The Bubble Run by Cool Events, which was scheduled to take place on the EAA AirVenture Oshkosh grounds today, Saturday, September 9, was canceled in January. Please visit their website to contact them at https://bubblerun.com.
Click here to upgrade to a newer version of Internet Explorer or Microsoft Edge.
Stay InspiredEAA is your guide to getting the most out of the world of flight and giving your passion room to grow.
An Adventure in Dynamic Propeller Balancing
By J. Davis, EAA 588164
June 2015 - At my recent visit to Sun ’n Fun International Fly-In & Expo in Lakeland, Florida, I looked closely at an idea I’ve been thinking about for a couple of years: DIY dynamic prop balancing. There are a couple of companies who provide basic, entry-level systems at a reasonable cost, and my thinking was that I had the ideal situation to offer the service to the homebuilt/experimental community. Interested parties could fly into my strip, taxi up to my shop, and get their props balanced. And ideally, I could recoup my investment in a fairly short amount of time.
So I ran my idea past our local tech rep to see if he thought that there would be enough demand to justify the capital outlay. He informed me of a fact of which I was not aware: Purple Hill Aviation, located at CYQS, offers just such a service. So I abandoned the investment idea, and having wanted to get my own prop balanced for quite some time, I set up an appointment.
Mounting the accelerometer while Scotty the shop cat looks on
A lot has been written regarding the benefits of dynamic propeller balancing. Apart for the obvious desire to reduce vibration felt in the cockpit, my main goal was to verify that vibration harmful to the engine – particularly the crankshaft and flywheel of my Jabiru 3300 – was reduced to a minimum.
The principle of dynamic balancing is fairly simple: Two transducers are mounted on the engine.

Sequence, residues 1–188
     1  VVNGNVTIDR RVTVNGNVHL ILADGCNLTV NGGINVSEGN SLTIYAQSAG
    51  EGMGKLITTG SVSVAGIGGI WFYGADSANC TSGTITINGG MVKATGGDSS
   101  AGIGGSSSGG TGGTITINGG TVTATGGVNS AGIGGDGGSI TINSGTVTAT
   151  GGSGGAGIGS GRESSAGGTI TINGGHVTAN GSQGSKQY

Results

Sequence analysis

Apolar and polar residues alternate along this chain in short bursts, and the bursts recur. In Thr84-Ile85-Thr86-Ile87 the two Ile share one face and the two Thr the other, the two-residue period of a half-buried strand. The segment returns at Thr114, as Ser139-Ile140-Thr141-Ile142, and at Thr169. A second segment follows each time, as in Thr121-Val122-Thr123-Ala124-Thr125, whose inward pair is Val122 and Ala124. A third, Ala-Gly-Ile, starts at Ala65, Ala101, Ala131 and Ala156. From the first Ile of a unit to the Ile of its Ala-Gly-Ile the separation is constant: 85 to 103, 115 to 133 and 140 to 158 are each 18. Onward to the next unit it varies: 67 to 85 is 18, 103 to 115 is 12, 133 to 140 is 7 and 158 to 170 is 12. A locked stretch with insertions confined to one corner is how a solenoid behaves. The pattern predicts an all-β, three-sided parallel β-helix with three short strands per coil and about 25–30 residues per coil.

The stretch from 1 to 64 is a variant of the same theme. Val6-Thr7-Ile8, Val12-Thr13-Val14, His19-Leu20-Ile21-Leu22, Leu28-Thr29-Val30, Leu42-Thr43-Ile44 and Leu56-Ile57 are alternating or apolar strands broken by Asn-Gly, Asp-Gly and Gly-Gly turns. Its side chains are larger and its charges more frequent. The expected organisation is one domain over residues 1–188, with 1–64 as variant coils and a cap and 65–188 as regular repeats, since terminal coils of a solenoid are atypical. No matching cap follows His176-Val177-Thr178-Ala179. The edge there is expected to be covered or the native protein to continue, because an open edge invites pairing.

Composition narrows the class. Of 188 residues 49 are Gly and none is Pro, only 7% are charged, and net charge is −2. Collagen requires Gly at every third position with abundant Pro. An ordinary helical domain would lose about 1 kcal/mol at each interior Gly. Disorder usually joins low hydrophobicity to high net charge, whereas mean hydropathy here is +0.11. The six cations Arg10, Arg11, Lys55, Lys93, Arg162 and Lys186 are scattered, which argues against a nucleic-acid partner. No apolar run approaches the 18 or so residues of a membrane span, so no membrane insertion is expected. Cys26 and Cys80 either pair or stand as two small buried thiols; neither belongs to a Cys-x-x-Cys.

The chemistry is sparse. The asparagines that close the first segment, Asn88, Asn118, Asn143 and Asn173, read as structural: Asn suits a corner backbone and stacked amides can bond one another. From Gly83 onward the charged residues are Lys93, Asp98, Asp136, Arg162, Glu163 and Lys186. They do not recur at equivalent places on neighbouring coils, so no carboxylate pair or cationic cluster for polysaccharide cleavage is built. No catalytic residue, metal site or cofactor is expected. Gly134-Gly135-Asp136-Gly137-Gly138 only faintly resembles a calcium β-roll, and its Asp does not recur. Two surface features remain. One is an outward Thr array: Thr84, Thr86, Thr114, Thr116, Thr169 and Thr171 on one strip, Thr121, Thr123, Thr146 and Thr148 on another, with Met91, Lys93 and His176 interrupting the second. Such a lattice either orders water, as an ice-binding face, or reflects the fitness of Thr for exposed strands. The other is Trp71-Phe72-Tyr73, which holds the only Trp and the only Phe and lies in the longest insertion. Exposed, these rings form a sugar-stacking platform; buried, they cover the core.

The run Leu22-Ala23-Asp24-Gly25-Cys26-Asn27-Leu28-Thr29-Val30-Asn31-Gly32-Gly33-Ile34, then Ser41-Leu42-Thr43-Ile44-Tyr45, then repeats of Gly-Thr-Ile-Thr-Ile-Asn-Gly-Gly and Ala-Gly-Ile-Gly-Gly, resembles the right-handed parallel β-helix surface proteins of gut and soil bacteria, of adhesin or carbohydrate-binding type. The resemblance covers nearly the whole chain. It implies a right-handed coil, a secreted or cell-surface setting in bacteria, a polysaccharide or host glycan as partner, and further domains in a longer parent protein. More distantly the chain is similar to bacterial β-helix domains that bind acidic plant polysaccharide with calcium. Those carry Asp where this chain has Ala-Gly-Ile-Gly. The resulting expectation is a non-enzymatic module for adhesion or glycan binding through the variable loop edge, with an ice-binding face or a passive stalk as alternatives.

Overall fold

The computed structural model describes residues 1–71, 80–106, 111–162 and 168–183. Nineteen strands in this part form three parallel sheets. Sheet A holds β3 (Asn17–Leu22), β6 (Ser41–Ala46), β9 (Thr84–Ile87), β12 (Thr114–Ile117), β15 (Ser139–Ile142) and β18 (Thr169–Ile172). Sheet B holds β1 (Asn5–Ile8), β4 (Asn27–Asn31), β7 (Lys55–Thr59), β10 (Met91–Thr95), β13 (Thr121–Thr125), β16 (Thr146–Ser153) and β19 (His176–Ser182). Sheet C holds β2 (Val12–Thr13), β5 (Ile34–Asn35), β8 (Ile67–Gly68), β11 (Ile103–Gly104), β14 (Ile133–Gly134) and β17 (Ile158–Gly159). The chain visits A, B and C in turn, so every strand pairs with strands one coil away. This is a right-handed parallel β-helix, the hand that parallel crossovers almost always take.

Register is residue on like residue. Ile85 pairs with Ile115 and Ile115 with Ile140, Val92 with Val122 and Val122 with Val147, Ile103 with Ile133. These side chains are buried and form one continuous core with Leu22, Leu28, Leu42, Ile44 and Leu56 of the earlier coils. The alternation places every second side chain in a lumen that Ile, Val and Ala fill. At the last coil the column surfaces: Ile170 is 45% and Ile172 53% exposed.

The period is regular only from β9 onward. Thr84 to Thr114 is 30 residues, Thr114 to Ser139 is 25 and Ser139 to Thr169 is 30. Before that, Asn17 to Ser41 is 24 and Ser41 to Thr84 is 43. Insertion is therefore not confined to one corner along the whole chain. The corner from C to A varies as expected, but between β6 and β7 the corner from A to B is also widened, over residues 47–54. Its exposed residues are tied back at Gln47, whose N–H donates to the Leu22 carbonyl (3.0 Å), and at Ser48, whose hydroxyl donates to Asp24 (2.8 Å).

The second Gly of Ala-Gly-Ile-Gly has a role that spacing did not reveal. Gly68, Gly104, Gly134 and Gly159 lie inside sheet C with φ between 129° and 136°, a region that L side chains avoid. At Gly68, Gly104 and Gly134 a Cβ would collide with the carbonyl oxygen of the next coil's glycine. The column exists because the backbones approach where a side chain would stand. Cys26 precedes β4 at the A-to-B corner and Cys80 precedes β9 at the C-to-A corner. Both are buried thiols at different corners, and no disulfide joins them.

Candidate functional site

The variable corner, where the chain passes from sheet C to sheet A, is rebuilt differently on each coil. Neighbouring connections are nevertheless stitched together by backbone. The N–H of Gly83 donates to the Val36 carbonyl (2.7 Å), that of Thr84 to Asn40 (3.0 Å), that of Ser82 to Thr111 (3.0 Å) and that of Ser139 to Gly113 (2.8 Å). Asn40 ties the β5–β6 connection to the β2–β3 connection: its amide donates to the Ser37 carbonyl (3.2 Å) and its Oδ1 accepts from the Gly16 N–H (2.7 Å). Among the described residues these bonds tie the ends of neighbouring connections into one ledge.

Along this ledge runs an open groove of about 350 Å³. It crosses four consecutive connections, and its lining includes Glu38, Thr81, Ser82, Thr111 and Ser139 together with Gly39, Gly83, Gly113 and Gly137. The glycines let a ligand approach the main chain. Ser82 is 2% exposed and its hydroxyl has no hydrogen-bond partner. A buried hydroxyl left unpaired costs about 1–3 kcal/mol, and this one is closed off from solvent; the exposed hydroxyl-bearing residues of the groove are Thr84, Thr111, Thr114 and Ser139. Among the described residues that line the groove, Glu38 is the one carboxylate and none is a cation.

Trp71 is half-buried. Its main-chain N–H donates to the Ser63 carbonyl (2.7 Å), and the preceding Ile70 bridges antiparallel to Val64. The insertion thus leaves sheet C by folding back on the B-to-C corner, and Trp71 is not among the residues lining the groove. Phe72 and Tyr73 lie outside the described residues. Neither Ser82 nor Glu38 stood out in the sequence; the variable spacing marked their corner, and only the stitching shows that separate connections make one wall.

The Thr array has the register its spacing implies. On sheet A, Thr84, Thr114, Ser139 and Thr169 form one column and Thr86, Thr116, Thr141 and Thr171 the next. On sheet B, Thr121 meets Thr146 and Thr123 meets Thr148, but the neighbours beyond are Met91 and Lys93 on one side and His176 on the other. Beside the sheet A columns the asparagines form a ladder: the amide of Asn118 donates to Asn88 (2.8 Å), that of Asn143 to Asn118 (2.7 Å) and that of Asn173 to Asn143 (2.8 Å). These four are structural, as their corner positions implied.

One is a vibration sensor (accelerometer) mounted as close to the transverse centre line of the engine as possible.
Close-up of the vibration sensor
The other is an optical sensor which sends an infrared signal to a piece of reflective material stuck to a prop blade.
Close-up of the optical sensor
The engine is then revved to the desired rpm, usually the normal cruise rpm. In my case, this required attaching my airframe to a stationary object (a truck) since my little Matco disc brakes are not capable of holding the plane at 2,860 rpm.
Making sure it stays put!
Given the data input from these two devices, the software then computes the amount of vibration, measured in inches per second (ips), and the location of that vibration, measured as an angular offset from 0 degree (the reflective tape on the prop). Based on this initial reading, the operator places one or more penny washers behind one of the spinner screws, and the process is repeated.
The first weight attached to a spinner bolt
Each readout gives the operator more information, and eventually the reading approaches 0.07 ips, the goal. Typically, the weight will not be conveniently needed at the exact angular location of a spinner screw, in which case the weight is split between two screws.
The spinner bulkhead drilled for final hardware
Once the angles and weights are determined, AN3 bolts and washers are installed on the spinner backing plate, or bulkhead.
Attaching the final hardware
A couple more run-ups for fine-tuning are required, and the job is finished. Sensors are removed, cowls are replaced, and a logbook entry is made.In my particular case, the initial reading was 0.23 ips, and the final reading was 0.07. Because 0.23 is not particularly bad, there was no dramatic improvement noticeable on my flight home. But I feel that it was a worthwhile expenditure in that now I know for certain that any potentially damaging vibration has been reduced to an absolute minimum.